How did environmental conditions and climate change influence early human evolution? Can protein engineering be harnessed to block the virus that causes COVID-19? How do quantum mechanics affect biological functions, and how do our memory and learning work on a cellular level in the brain?
These are some of the big questions that will be explored by researchers at the University of Toronto and the Hebrew University of Jerusalem (HUJI) as part of a new strategic partnership that will allow faculty and students from the two institutions to combine resources to carry out high-impact research.
Each year, the University of Toronto – Hebrew University of Jerusalem Research and Innovation Alliance will select projects to receive funding of $150,000 a year for up to four years, with each research group comprising faculty drawn from both universities and covering a range of disciplines. The alliance will also occasionally provide one-time seed funding to help get promising projects off the ground.
Initially launched with endowed funding of $5.9 million from the Canadian Friends of Hebrew University and the family of Roz and Ralph Halbert, the alliance aims to raise another $14 million and eventually construct an innovation pipeline between U of T and HUJI to connect the entrepreneurship ecosystems in Toronto and Jerusalem and provide student entrepreneurs with exposure to each other’s universities and markets.
“[HUJI’s] mandate with respect to research is very closely aligned to U of T’s in terms of leading the world in a variety of areas, and that’s always the kind of partner we’re looking for,” said Alex Mihailidis, U of T’s associate vice-president of international partnerships and a professor in the Faculty of Medicine's department of occupational science and occupational therapy, as well as the Institute of Biomaterials and Biomedical Engineering.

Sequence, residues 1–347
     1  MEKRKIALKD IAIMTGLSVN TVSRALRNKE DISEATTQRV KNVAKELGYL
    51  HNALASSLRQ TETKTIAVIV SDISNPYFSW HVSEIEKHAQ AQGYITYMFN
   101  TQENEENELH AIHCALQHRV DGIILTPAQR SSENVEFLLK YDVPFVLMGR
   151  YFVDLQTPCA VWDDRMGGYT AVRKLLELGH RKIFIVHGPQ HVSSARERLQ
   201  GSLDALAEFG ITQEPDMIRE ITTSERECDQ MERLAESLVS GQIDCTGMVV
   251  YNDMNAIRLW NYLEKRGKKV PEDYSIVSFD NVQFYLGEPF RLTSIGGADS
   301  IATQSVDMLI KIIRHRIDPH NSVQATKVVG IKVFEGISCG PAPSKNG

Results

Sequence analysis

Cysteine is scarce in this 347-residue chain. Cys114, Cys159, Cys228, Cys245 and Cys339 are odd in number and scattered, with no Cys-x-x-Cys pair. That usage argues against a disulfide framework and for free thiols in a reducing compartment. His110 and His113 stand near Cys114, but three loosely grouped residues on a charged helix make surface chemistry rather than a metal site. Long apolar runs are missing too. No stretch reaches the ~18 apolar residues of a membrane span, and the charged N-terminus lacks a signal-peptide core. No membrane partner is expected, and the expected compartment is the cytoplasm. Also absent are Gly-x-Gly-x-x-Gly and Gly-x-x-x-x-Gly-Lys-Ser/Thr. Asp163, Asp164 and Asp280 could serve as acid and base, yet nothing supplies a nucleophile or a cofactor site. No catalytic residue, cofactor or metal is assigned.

“We both recognize that international collaborations strengthen the research within each university, and that’s why we’re excited to partner with them.”
He added that the timing of the partnership speaks to U of T’s commitment to forge ahead with research partnerships despite the challenges of working and collaborating amid the pandemic.
“From an international partnerships perspective, it’s business as usual,” said Mihailidis, who is also cross-appointed to the department of computer science in the Faculty of Arts & Science. “We’ve not shut anything down and we’ve not stopped collaborations. We’re going full-speed ahead – it’s looking a bit different, but we are still moving ahead both with existing and new partners.”
Both researchers developed an interest in the Kalahari – Chazan as an archeologist analyzing early evidence of human activity and Matmon as a geologist carrying out dating techniques to study the evolution of the landscape – and they’re now looking to combine their perspectives.
“The next phase of work with this funding is to expand Ari’s geological work, particularly looking for evidence of wet environments, so we can try and understand when there was a shift to modern arid conditions,” said Chazan. “At the same time, I’ll be working in the town of Kathu in South Africa, which is a major mining area today, and we’re looking at some very large sites and trying to understand what the conditions were when this place supported large groups of people.
“So it’s a really new area of study that combines geological perspectives on how the landscape and hydrology evolved with an archeological perspective which is asking – in more narrowly focused locations – what the human behaviour was and what was drawing people to these sites.”